[Python-Dev] PEP 409 and the stdlib

Nick Coghlan ncoghlan at gmail.com
Tue May 21 13:23:01 CEST 2013

On Tue, May 21, 2013 at 5:17 PM, Hrvoje Niksic <hrvoje.niksic at avl.com> wrote:
> On 05/20/2013 05:15 PM, Ethan Furman wrote:
>> 1)  Do nothing and be happy I use 'raise ... from None' in my own
>> libraries
>> 2)  Change the wording of 'During handling of the above exception, another
>> exception occurred' (no ideas as to what at
>> the moment)
> The word "occurred" misleads one to think that, during handling of the real
> exception, an unrelated and unintended exception occurred.  This is not the
> case when the "raise" keyword is used.  In that case, the exception was
> intentionally *converted* from one type to another.  For the "raise" case a
> wording like the following might work better:
>     The above exception was converted to the following exception:
>     ...
> That makes it clear that the conversion was explicit and (hopefully)
> intentional, and that the latter exception supersedes the former.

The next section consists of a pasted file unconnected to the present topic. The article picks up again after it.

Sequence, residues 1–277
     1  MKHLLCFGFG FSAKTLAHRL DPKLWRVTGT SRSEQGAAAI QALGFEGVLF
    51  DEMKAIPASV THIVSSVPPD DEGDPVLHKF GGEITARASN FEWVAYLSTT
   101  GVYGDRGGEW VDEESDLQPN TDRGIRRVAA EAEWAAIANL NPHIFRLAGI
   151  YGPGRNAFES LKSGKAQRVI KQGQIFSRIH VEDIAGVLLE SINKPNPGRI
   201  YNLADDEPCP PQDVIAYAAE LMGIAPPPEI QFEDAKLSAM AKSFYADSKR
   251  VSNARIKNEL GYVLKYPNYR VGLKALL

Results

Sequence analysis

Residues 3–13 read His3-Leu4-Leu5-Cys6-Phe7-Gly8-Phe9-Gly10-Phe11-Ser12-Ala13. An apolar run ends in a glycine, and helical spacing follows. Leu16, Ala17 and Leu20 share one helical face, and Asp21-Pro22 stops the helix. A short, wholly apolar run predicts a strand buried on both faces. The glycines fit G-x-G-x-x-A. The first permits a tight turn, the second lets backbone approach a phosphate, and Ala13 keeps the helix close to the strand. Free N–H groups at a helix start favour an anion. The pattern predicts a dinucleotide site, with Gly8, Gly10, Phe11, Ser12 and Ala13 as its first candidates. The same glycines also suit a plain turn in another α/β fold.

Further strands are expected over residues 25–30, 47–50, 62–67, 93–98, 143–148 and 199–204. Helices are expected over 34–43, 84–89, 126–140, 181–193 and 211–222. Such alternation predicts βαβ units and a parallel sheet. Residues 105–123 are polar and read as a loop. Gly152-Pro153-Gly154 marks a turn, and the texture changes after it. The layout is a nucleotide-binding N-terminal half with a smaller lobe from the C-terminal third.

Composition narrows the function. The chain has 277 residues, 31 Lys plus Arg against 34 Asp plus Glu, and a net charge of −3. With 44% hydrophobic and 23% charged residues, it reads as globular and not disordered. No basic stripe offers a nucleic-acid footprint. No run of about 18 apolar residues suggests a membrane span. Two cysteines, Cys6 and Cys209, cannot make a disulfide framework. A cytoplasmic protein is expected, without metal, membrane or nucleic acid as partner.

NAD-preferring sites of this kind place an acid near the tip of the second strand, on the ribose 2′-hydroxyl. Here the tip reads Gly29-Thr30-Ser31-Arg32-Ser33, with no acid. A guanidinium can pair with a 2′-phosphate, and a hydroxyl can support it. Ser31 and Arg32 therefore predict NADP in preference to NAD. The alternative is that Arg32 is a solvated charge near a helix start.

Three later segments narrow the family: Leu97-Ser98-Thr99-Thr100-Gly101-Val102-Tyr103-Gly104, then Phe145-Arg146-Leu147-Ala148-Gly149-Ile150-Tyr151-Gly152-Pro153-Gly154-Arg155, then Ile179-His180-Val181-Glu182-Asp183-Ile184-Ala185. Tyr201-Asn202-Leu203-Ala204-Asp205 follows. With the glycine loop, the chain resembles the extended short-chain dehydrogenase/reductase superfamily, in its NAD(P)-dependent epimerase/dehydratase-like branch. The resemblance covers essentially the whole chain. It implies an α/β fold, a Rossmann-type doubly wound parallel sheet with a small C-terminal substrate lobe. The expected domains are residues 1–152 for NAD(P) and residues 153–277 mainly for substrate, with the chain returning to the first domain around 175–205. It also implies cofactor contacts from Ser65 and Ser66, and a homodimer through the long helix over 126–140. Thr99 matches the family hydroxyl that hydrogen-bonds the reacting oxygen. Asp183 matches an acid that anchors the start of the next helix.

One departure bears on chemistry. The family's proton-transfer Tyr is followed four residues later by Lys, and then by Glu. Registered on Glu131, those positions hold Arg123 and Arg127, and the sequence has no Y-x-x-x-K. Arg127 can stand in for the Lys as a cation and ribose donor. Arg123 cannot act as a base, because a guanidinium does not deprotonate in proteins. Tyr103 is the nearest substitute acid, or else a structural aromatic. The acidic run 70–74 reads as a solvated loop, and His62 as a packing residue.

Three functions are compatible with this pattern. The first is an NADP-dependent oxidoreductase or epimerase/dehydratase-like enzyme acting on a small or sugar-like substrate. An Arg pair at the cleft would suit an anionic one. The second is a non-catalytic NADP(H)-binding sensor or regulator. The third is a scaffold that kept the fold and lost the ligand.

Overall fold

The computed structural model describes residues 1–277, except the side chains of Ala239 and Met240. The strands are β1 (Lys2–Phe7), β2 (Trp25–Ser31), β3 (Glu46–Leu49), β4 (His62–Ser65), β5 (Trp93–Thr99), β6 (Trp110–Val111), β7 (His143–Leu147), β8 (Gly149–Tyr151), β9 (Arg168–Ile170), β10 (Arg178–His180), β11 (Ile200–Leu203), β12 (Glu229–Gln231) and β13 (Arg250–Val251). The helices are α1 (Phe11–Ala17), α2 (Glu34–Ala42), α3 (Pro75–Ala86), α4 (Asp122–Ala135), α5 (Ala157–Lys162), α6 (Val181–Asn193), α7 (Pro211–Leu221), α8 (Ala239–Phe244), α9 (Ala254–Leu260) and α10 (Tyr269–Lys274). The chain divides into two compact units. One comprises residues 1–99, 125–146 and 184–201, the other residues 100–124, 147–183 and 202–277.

This ship sailed long ago (it was covered by the original exception
chaining spec in PEP 3134). If you want to deliberately replace an
exception while retaining the full traceback, you use "raise X from
Y", and the intro text will change to something like "This exception
was the direct cause of the following exception:"

This thread is about the case where you want to use "raise X from
None" to suppress the display of the original exception completely,
which is a new capability in Python 3.3. So whenever we consider
changing the standard library, we should also look at the explicit
chaining option, particularly when the original exception may have
happened inside a user provided callback (including method calls)


Nick Coghlan   |   ncoghlan at gmail.com   |   Brisbane, Australia

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